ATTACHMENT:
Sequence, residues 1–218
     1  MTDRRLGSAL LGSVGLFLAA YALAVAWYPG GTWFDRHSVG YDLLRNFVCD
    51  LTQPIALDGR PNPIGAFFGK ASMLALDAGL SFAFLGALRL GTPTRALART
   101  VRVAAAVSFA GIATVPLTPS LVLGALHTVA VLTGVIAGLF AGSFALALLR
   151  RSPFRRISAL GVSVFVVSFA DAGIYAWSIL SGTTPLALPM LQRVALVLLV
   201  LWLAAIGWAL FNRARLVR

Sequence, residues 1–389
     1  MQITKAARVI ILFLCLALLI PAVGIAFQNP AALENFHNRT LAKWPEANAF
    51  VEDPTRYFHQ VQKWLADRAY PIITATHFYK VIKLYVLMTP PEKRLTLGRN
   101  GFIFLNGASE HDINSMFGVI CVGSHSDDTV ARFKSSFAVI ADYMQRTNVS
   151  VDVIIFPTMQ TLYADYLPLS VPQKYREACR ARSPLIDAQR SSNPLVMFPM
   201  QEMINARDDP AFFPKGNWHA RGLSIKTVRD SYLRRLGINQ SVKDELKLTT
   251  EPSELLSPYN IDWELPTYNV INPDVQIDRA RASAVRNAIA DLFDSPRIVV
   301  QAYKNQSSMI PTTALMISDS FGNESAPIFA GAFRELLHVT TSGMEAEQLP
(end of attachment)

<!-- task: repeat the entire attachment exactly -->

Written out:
Sequence, residues 1–218
     1  MTDRRLGSAL LGSVGLFLAA YALAVAWYPG GTWFDRHSVG YDLLRNFVCD
    51  LTQPIALDGR PNPIGAFFGK ASMLALDAGL SFAFLGALRL GTPTRALART
   101  VRVAAAVSFA GIATVPLTPS LVLGALHTVA VLTGVIAGLF AGSFALALLR
   151  RSPFRRISAL GVSVFVVSFA DAGIYAWSIL SGTTPLALPM LQRVALVLLV
   201  LWLAAIGWAL FNRARLVR

Sequence, residues 1–389
     1  MQITKAARVI ILFLCLALLI PAVGIAFQNP AALENFHNRT LAKWPEANAF
    51  VEDPTRYFHQ VQKWLADRAY PIITATHFYK VIKLYVLMTP PEKRLTLGRN
   101  GFIFLNGASE HDINSMFGVI CVGSHSDDTV ARFKSSFAVI ADYMQRTNVS
   151  VDVIIFPTMQ TLYADYLPLS VPQKYREACR ARSPLIDAQR SSNPLVMFPM
   201  QEMINARDDP AFFPKGNWHA RGLSIKTVRD SYLRRLGINQ SVKDELKLTT
   251  EPSELLSPYN IDWELPTYNV INPDVQIDRA RASAVRNAIA DLFDSPRIVV
   301  QAYKNQSSMI PTTALMISDS FGNESAPIFA GAFRELLHVT TSGMEAEQLP